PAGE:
Wednesday, June 16, 2010

Right Click!

This is more of a tip to those who are already using or evaluating SQL Sentry than anything else.

I get a lot of questions that are perfectly valid about where different features are located or accessed from. SQL Sentry is, after all, a large suite of products with many features and if you are running multiple products you have quite a few feature choices.

Usually it’s a specific question such as “where do I find…” or “how do I filter…” to which I provide as simple and direct an answer as possible.

The reason for this post is to make folks aware of something that isn’t overly obvious, but maybe should be. If you are familiar with the development work we do here and the amount of thought we put into usability, it is just logical, but alas our society as a whole is just not used to having software that flows from feature to feature in ways that make sense or that make it easy for us to use.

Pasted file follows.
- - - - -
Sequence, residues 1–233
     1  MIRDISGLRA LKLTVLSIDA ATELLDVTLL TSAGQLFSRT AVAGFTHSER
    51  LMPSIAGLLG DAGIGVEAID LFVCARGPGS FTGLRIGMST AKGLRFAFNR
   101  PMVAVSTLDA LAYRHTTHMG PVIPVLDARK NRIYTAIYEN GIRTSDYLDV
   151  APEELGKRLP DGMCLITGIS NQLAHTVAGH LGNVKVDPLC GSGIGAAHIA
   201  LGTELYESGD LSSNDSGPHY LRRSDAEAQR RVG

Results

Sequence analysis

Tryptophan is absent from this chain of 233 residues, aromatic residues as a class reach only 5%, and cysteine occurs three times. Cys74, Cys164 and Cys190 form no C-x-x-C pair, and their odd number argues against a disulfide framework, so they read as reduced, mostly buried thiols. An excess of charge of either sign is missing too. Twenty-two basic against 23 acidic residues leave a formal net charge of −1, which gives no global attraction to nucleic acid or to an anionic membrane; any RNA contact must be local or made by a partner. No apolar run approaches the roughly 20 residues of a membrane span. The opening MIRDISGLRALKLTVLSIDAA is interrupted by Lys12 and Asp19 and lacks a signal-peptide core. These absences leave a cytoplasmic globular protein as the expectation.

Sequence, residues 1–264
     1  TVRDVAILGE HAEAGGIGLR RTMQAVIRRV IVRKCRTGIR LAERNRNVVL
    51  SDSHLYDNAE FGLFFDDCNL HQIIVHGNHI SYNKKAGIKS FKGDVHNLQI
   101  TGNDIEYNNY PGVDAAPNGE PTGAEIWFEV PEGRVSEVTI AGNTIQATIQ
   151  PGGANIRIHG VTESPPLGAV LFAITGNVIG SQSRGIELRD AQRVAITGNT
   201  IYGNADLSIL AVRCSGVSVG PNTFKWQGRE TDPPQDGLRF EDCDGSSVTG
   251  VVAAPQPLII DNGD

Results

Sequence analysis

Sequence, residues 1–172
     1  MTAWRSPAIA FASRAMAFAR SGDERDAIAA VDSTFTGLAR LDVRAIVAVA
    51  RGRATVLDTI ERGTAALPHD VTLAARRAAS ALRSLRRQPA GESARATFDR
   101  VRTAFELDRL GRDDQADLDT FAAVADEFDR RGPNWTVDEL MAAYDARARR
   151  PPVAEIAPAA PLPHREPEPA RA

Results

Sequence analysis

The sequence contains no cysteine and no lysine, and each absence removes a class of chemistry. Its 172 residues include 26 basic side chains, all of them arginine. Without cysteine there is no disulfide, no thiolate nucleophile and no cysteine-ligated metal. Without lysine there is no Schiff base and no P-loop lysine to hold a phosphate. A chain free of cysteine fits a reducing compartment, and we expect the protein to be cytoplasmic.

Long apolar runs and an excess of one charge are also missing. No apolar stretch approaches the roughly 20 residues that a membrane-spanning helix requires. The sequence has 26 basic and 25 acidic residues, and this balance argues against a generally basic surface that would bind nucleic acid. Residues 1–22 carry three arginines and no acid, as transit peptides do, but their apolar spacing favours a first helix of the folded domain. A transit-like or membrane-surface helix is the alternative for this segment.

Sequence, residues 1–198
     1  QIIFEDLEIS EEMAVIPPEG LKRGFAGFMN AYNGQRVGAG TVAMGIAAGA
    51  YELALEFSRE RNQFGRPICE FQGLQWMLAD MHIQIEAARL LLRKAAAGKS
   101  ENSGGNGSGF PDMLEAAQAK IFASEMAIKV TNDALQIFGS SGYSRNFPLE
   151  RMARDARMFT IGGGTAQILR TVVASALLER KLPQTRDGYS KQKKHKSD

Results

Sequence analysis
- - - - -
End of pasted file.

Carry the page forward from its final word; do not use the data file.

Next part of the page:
SQL Sentry’s console application is designed for DBAs by DBAs. That is not just marketing fluff. It is 100% true. The thoughts and ideas that go into building SQL Sentry software all come from our internal product staff, all of whom are experienced developers and DBAs and from our customers who often have great ideas for ways they would like to use SQL Sentry products.

All of this background leads me to my point. We are very big on ease of access, just like our customer base. Since getting around to different places in the console usually requires using a mouse, a very logical place to put access to features is in the various context menus, or, the right click menus. I invite everyone to simply right click on anything in SQL Sentry. Whether it be a connection node icon, a history event on the calendar, a column header on a data grid, a runtime graph for an Agent job, an Event Chain Node or even the history mode chart for database file I/O you will always find something useful to do next by simply right clicking.

In summary, if you are ever in the console trying to work out how to do something, just try right clicking on whatever it is you are looking at. You may be pleasantly surprised to discover a set of useful options organized in a logical manner, right where you would expect them to be.

-JRH

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